Holy, Happy All Hallow’s Eve

It never made me enter the state of horripilation.

It was never macabre to me.

There was never anything scary about it. Just a whole lot of fun!

In case you don’t understand what the heck I’m talking about, and, just in case you haven’t noticed, it’s Halloween time! It’s a time for children to be kids and for all of us to let that “kid” come out of our adult bodies again.

We all enjoy the costumes and makeup we see as the children knock on our doors, visit our rooms and yell: “Happy Halloween! Trick or Treat!” Yes, it always brings a smile to our faces and I never forget the parents who are behind those door knocking kids. I wonder if what I’m seeing in front of me isn’t a piece of the parent?

The obvious answer is yes. Many times the parent is reliving or living their own memories and the tradition of Halloween continues in our kids. But how did the holiday begin? Well…

The ancient Celts in old Britain started it all with their Festival of Samhain. They believed the wall between the ghostly world and reality became very thin at the end of summer and that would allow the ghosts and goblins of the spirit world to wander the earth. That couldn’t happen It would lead to devilish things happening and so the Celts held a big end of summer celebration to scare away the potential ghastly visitors.

As Christianity became more dominant, the ancient party adopted a name based on two autumn holy days: All Hallow’s Day (All Saint’s Day) on Nov. 1 and All Soul’s Day on Nov. 2. Since the party needed to be held prior to those two holy days, All Hallow’s Eve was celebrated on Oct. 31 and there we have today’s Halloween.

When Irish immigrants arrived in this country in the 19th century, they brought the party with them and, in the 20th century, pumpkin carving and trick or treating became vogue. History is so interesting.

However, we mustn’t forget to be “horrified” of the ghosts, witches, goblins, skeletons, devils, vampires, spooks and whatever who appear on Halloween doorsteps and wish us a happy holiday or else! Let’s just have fun with it and, as adults and after the rush of door knockers and room visitors, let’s raise a glass of something to honor the holiday.

For you cocktail lovers, there’s a huge number of drinks that reflect the primeval holiday and one that’s enjoyable and flavor filled for me is the Vampire’s Weakness. After a long night of colorful costumed visitors, it’s very easy to make by combining equal amounts of Irish whiskey (gotta love Jameson Triple Distilled Irish Whiskey) with Campari and Sweet Vermouth, stir together with ice, strain into a glass and sip into the quietness of the night.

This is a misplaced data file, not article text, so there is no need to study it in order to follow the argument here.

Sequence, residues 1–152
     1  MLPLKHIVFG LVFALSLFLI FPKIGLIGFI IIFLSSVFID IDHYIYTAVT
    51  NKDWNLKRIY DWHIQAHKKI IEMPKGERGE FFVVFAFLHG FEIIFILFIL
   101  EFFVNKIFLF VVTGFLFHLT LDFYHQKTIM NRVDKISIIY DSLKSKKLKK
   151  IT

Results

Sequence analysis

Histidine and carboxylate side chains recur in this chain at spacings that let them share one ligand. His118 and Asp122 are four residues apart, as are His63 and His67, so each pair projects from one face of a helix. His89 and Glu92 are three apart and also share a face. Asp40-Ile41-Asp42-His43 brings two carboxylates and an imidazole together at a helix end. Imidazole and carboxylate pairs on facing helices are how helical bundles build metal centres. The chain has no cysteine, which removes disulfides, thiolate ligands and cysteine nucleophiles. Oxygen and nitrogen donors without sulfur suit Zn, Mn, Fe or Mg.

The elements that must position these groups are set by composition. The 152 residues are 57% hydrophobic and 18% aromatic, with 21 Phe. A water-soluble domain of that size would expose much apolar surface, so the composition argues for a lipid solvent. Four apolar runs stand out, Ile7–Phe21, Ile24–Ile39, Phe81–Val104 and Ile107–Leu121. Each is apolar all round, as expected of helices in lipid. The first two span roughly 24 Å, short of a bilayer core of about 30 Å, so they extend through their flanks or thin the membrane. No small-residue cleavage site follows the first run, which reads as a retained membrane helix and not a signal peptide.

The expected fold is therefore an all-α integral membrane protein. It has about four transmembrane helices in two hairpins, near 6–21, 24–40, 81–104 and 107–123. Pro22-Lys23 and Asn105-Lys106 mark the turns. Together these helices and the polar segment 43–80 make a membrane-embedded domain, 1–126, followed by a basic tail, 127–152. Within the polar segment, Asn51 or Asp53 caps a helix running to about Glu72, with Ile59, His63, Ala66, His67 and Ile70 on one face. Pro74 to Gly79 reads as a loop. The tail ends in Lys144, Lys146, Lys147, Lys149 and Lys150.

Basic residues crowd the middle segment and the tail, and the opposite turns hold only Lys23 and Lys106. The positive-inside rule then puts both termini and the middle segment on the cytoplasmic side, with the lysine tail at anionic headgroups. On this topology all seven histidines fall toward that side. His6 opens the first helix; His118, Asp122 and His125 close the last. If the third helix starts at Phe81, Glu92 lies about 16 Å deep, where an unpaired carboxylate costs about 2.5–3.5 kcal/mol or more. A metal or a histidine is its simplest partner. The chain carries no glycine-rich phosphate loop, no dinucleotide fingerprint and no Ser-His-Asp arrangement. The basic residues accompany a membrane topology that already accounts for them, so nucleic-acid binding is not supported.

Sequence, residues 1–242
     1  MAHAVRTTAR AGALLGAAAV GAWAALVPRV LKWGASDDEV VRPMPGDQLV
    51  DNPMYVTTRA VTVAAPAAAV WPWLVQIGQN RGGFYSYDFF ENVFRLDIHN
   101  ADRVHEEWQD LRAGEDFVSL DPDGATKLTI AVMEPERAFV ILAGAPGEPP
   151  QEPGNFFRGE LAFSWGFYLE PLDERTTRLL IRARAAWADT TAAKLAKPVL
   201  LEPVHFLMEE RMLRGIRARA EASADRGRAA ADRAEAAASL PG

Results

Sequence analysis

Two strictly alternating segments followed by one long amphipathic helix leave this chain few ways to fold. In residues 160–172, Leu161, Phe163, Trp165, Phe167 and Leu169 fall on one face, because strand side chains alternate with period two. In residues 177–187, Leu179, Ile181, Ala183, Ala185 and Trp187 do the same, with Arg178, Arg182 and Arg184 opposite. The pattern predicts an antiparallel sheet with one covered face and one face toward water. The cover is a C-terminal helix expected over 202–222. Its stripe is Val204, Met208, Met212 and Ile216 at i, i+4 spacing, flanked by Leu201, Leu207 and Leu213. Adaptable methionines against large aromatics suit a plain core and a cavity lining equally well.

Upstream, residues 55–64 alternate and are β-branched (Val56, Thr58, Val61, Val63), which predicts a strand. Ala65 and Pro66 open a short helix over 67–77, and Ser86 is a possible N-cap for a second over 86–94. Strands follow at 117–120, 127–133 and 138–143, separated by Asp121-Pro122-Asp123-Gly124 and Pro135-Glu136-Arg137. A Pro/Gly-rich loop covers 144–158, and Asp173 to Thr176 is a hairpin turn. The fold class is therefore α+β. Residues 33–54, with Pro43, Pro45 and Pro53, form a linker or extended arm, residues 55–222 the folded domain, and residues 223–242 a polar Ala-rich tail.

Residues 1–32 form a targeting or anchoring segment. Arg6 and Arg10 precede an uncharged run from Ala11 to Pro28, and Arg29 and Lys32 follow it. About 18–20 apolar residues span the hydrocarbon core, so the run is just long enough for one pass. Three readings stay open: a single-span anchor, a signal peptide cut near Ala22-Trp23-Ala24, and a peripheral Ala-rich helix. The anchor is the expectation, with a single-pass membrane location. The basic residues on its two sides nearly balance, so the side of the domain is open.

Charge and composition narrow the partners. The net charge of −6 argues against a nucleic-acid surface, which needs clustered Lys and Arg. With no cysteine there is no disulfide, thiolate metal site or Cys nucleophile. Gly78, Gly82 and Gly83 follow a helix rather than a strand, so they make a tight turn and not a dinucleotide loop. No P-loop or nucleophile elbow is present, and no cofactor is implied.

Not a spirit drinker? How about an India Pale Ale from Toppling Goliath Brewing Company in Decorah, Iowa? The IPA is called Fire, Skulls & Money and is a tip of the hat to the wanderlust in each of us. Filled with a variety of hops, the amazing bitterness is muted a bit by malt. But if it’s a strong IPA you are seeking in your Halloween basket, this is the one. The gruesome label with its skulls, fire and gold coins is a discussion point and is worthy of the tasty brew.

As stated above, the Halloween holiday is about preparing for some special holy days of remembrance and, prayers are always a part of those preparations. There is a winery in Washington that is part of the Ste. Michelle Wine Estates named Prayers of Sinners and Saints and it produces wines that reflect the sinner and the saint in all of us. On the bottle of Prayers of Sinners Red Blend is their saying: “Whether you’re a sinner or a saint, we’re all the same at the core. The truth will be revealed in the dark.” The dark they’re referring to is their red blend wine.

Prayers of Sinners is a heavy blend with highlights of black berries and chocolate. It’s very dry and ends quickly — like many of our prayers? One very cool thing about the label is that the praying skeleton eerily glows in the dark. Ghostly and ghastly but a very enjoyable wine!

One more bottle of wine comes to us from the Paso Robles region of Sonoma County in California and is made by Chronic Cellars. It’s called Chronic Cellars Purple Paradise and, again, it’s a red blend of Zinfandel, Petite Sirah, Syrah and Grenache grapes. The label features a skull with dice as eyeballs and the wine is lush, full bodied and full of spiciness. Totally enjoyable!

Well, enough with the wines, beers and spirits. Let’s get ready for those costumes creatures to show up tomorrow and have a blast. Whether the child (or adult) is dressed as an angel or a zombie, don’t get goose bumps — have some fun!


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